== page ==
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The author of the ordinance, Councilwoman Ellen Cohen, put the motion forward as a way to subsidize the processing of the city's massive backlog of rape kits for sexual assault victims.
“We have to do something to help the 4,000-plus women, children and men who have been sexually assaulted,” said Councilwoman Cohen. “I think we’ve waited long enough.”
The victims certainly have waited too long for justice that has been delayed due to tight law enforcement budgets. But the tax also makes an official link between the above-ground sex industry and sexual assault, which is troubling for some (especially those who make money from it).
According to the Houston Chron:
A study Cohen relies upon to make the link states: “Are sexually-oriented-businesses, alcohol, and the victimization and perpetration of sexual violence against women connected? An exhaustive review of the literature says yes.”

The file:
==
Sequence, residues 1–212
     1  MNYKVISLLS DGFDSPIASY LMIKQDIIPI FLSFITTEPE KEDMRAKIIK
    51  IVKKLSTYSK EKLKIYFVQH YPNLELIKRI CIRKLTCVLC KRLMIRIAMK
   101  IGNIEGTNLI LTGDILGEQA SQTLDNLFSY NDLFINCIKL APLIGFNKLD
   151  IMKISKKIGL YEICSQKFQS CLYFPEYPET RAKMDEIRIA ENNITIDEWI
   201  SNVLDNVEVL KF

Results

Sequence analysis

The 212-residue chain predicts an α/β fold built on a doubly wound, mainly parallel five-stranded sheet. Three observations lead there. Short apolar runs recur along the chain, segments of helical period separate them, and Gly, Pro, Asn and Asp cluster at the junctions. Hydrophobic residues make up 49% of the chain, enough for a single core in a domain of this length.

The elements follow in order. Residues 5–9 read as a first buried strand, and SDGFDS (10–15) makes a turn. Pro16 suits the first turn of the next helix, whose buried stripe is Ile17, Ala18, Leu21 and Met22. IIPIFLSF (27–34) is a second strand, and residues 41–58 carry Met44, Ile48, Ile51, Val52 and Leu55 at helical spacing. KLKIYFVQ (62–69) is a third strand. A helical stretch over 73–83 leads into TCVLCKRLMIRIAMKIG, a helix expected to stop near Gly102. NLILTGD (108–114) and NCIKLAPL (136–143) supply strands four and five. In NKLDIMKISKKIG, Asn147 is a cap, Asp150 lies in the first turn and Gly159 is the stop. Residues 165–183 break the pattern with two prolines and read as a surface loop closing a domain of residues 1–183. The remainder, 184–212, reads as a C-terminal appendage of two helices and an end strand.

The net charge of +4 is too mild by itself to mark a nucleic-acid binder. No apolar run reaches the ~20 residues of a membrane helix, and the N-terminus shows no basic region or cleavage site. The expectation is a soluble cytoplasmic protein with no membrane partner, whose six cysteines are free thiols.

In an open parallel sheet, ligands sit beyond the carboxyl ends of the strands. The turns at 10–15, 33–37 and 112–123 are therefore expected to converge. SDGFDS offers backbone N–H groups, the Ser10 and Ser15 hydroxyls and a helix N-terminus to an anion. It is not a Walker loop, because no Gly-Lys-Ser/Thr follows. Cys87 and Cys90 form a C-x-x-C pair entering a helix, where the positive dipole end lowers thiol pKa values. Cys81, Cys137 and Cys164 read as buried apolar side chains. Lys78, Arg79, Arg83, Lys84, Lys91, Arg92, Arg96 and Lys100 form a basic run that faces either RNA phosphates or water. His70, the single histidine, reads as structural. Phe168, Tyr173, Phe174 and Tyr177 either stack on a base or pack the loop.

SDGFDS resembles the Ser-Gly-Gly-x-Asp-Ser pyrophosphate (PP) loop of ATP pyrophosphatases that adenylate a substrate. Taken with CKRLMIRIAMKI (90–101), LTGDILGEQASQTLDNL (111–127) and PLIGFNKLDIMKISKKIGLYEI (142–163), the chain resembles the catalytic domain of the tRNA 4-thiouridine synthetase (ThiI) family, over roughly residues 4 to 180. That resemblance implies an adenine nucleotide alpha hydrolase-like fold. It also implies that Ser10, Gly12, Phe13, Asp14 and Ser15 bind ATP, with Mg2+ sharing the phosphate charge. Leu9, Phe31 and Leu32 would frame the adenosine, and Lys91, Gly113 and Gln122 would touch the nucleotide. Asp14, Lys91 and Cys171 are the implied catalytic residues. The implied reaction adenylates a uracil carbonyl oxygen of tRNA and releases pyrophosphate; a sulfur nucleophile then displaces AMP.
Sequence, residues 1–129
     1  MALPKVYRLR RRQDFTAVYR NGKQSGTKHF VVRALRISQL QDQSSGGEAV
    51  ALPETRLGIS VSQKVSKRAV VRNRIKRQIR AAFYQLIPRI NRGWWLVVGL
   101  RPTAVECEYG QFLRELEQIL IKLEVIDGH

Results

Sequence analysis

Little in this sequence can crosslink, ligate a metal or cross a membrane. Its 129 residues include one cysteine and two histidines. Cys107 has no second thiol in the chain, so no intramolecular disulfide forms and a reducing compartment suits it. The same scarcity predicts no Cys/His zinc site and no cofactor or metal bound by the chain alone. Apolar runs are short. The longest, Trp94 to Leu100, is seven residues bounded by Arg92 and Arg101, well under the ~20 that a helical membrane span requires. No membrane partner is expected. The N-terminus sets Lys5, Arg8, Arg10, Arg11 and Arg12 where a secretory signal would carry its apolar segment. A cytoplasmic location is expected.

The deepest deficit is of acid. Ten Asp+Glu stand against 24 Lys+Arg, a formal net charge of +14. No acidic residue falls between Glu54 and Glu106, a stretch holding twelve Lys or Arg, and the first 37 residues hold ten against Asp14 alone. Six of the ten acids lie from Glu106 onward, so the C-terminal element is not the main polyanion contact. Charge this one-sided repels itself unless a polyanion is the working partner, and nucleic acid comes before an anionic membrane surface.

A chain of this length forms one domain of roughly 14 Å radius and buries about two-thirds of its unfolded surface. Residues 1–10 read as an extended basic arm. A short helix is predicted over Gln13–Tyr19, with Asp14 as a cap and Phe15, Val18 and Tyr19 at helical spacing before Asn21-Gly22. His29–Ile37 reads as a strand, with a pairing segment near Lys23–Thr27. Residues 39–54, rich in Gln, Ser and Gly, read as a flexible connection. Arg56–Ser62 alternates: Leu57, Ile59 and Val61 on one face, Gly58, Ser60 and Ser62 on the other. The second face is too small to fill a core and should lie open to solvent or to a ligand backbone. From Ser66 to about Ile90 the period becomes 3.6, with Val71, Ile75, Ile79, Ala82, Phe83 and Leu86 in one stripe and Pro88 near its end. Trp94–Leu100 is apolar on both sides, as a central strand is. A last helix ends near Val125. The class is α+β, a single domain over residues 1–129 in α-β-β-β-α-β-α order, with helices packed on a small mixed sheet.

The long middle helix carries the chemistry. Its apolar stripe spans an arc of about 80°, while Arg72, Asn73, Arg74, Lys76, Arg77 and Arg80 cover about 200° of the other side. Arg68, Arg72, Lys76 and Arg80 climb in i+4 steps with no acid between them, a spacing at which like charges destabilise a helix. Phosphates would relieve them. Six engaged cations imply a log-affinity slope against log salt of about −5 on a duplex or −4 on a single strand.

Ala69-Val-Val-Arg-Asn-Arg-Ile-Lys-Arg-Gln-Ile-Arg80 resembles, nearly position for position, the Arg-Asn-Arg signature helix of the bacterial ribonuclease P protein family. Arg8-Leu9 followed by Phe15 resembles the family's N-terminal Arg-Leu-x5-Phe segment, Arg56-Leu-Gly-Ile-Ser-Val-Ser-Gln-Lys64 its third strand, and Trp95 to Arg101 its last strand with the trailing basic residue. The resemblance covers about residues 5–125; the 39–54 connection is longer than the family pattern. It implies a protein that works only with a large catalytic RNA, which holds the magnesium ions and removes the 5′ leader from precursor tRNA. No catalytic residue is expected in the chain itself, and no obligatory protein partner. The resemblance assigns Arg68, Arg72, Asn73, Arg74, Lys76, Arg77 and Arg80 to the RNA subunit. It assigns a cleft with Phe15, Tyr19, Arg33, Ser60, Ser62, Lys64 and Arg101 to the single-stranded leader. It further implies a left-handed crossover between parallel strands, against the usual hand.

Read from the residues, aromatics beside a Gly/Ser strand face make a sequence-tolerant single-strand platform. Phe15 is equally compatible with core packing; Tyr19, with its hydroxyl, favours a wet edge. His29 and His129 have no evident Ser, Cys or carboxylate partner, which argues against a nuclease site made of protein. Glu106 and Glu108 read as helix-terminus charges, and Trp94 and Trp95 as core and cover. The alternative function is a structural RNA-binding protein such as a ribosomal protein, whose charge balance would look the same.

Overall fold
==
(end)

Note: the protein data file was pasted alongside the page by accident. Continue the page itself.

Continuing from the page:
Several paragraphs later, though, the same study states: “However, no study has authoritatively linked alcohol, sexually-oriented-businesses, and the perpetration of sexual violence.”Sin taxes are popular and profitable tools of social engineering when it comes to vices like cigarettes and alcohol. But whether you like them or not, do you think that consumers of legal sexual entertainment should be legally compelled to adjust their karma by paying to help sexual assault victims?
The Texas rape kit issue is a government funding issue. Last year, at the State level, Wendy Davis, D-Fort Worth, introduced a bill that would require a police department to submit a rape kit to a crime lab within at least 10 days, and complete the DNA analysis no later than 90 days after the sexual assault was reported. But it has since been stalled by police departments' inability and/or reluctance to do the inventories that would inform the legislators.
Councilman C.O. Bradford also called the nexus into question. He said that according to Houston Police Department, apartment complexes are the most common location for sexual assaults, and that sexually oriented businesses are 10th.
Still, said Bradford, a former police chief: “Victims have waited too long.”
Indeed they have. But is this what they were waiting for? Or did they want their government to pay to fix the problem?
|Via Texas Tribune|
Tip via Consumerist
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